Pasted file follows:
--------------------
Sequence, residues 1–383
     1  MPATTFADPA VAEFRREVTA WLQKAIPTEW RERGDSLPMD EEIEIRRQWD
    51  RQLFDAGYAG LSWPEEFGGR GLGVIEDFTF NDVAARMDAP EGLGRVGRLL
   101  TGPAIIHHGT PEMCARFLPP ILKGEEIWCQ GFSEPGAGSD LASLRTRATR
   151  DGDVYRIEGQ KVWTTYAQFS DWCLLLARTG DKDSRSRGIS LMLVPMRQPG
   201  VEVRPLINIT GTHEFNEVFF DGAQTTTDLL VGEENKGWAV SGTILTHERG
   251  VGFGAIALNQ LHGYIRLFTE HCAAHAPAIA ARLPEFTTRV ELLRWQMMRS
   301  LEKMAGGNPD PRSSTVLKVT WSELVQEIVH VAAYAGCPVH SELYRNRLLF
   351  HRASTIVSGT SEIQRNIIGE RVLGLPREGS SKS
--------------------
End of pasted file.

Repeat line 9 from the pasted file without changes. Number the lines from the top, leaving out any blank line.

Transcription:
   351  HRASTIVSGT SEIQRNIIGE RVLGLPREGS SKS